Generic “functions” in Objective-C

For the past few days I've been trying to bring one of my older codebases up to date with iOS 9 and Xcode 71. Today I stumbled on some code using map method from Mike Ash's MACollectionUtilities library. I started thinking whether it's possible to make this method generic. Let's see what we can come up with.

Generic Method

The best way to tackle the map implementation would be to add a generic type to a method, similarly to how it's done in Swift:

- (NSArray<ReturnType> *)map:(ReturnType (^)(ObjectType obj))block;

This won't compile, though because the compiler won't know that ReturnType is a generic type in the context of this method. Declaring another generic type through category on NSArray:

@interface NSArray <ObjectType, ReturnType> (AHKMap)

- (NSArray<ReturnType> *)map:(ReturnType (^)(ObjectType obj))block;


is also not possible. It doesn't make much sense anyway, as we won't be able to use one instance of NSArray to map its objects to two different types.

Wrapping Method in a New Class

Since the only way to declare generic parameters and return values is through a class interface, we'll wrap our map method in a new class:

@interface AHKArrayMapper <InputType, OutputType> : NSObject

- (NSArray<OutputType> *)map:(NSArray<InputType> *)inputArray withBlock:(OutputType (^)(InputType obj))block;


@implementation AHKArrayMapper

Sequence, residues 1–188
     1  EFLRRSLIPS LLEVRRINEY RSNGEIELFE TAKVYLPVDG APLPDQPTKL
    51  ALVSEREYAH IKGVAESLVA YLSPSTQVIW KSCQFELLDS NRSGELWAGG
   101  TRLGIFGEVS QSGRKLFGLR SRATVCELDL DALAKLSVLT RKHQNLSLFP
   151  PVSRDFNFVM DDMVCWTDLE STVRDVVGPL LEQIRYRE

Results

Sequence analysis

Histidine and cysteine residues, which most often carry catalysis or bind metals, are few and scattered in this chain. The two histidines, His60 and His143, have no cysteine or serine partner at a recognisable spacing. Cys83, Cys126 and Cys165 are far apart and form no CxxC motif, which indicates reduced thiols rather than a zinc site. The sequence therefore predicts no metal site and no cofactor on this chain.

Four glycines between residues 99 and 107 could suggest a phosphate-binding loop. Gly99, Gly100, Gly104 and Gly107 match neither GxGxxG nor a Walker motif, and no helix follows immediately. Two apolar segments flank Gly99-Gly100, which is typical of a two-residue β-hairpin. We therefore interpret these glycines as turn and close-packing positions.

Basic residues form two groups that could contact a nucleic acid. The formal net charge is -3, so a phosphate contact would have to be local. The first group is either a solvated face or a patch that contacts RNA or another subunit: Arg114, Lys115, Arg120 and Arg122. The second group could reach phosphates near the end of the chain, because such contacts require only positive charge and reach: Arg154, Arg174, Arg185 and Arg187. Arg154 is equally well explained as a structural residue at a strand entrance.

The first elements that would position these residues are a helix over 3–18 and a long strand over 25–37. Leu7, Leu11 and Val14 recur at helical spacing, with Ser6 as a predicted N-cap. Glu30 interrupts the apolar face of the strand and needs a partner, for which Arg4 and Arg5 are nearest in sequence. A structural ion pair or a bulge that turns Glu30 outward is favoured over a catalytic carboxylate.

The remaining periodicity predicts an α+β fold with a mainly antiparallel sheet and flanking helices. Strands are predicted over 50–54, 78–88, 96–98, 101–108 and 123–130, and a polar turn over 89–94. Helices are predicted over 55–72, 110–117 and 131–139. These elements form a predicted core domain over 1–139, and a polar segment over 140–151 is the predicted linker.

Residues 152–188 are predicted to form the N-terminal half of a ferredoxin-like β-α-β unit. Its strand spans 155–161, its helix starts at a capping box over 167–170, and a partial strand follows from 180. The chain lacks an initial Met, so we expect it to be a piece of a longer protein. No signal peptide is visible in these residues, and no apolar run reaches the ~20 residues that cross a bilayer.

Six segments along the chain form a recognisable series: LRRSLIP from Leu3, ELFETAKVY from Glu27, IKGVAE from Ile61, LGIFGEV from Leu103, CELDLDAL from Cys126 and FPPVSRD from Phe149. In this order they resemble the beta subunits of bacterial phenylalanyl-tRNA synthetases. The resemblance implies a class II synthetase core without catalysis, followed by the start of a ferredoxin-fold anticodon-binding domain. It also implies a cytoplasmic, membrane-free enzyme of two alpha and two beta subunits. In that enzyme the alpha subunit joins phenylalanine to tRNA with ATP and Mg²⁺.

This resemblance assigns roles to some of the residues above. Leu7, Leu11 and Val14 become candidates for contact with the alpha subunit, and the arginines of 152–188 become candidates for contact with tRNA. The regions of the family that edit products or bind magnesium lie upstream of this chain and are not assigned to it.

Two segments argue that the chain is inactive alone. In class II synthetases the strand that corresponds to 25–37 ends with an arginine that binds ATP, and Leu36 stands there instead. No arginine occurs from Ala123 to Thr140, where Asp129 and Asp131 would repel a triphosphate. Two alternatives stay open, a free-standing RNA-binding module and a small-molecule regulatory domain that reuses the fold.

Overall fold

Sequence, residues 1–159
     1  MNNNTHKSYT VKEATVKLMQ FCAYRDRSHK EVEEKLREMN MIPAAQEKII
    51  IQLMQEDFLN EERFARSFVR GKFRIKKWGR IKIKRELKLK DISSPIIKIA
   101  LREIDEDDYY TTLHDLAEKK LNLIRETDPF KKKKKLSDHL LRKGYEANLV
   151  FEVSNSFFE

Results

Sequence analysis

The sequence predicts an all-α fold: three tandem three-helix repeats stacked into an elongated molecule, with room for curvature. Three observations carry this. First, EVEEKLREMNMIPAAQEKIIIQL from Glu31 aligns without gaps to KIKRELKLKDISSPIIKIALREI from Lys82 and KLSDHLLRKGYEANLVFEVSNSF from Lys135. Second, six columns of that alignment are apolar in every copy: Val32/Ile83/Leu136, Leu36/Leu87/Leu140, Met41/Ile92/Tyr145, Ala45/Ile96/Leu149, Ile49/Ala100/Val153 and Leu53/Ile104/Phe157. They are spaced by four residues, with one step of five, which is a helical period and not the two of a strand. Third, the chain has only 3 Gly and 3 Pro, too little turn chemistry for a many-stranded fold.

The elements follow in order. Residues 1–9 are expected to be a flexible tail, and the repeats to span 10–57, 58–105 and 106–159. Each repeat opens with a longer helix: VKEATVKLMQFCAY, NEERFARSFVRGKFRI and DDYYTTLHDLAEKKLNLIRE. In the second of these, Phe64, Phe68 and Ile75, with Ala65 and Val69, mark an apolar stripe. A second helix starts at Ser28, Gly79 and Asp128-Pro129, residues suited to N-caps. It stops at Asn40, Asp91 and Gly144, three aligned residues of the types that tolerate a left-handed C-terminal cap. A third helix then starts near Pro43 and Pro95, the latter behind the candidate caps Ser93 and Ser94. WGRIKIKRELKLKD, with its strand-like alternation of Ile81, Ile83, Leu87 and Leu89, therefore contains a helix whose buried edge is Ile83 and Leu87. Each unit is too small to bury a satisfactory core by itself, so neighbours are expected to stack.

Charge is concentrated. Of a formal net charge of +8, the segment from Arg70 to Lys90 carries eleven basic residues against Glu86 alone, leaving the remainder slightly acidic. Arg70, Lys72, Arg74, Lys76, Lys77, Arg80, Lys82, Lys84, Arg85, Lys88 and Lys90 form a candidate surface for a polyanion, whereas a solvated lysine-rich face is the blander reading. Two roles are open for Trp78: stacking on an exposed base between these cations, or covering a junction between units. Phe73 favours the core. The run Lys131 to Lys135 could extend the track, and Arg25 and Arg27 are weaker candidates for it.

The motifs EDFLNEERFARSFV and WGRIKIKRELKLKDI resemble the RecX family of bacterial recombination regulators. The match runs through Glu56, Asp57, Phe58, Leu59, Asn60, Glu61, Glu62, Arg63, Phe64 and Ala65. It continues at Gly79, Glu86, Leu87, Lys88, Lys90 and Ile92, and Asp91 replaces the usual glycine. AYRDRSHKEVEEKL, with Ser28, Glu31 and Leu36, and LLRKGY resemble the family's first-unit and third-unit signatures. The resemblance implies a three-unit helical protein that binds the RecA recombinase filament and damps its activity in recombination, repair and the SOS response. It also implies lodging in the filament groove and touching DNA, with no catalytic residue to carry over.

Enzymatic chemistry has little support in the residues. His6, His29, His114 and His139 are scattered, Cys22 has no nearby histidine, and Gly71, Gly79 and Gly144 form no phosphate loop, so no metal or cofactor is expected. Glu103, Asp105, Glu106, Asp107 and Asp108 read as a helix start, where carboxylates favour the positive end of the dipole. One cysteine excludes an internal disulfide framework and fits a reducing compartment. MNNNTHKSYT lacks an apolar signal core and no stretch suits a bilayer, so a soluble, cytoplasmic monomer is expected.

- (nonnull NSArray *)map:(nonnull NSArray *)inputArray withBlock:(nonnull id  _Nonnull (^)(id _Nonnull))block
  NSMutableArray *array = [NSMutableArray new];
  for (id obj in inputArray) {
    [array addObject:block(obj)];

  return [array copy];


AHKArrayMapper's only method takes an array of InputType objects and a block mapping from InputType to OutputType. It returns an array of OutputType objects. The implementation doesn't really differ from the one without generics, because generics aren't available in implementation files:

So I've concluded that Objective-C Generics simply don't make the placeholders available to implementations. Unfortunately I cannot confirm against Apples code.

It's easy to see that we could implement other generic functions (well, methods but they won't be referencing self) in a similar way. We'd end up with lots of small classes, though.

In Action

Let's say we have an array of NSNumber instances:

NSArray <NSNumber *> *input = @[@0, @1, @2];

that we want to transform to an array of strings:

@[@"0", @"1", @"2"];

First, we have to instantiate a mapper and declare what types it's going to operate on:

AHKArrayMapper<NSNumber *, NSString *> *mapper = [AHKArrayMapper new];

Then, we can use it as shown below:

NSArray<NSString *> *output;
output = [mapper map:input withBlock:^NSString *(NSNumber *obj) {
  return [obj stringValue];

The cool thing is that when we finish typing [mapper map, Xcode will correctly complete the method call along with all types:

Code Completion


Lightweight generics are one of the better improvements in Objective-C in the past few years. Even though they only operate at compile-time they're able to bring a little more safety to Objective-C.

It was possible to create a generic map for NSArray. However, because we had to design it in the way that fits generics implementation, its API isn't the most obvious one. If you plan to use generics extensively in your projects it's best to move to Swift, as its support for generics is fully built into the language itself.

  1. One could argue that I still have technical debt because I don't use Swift there.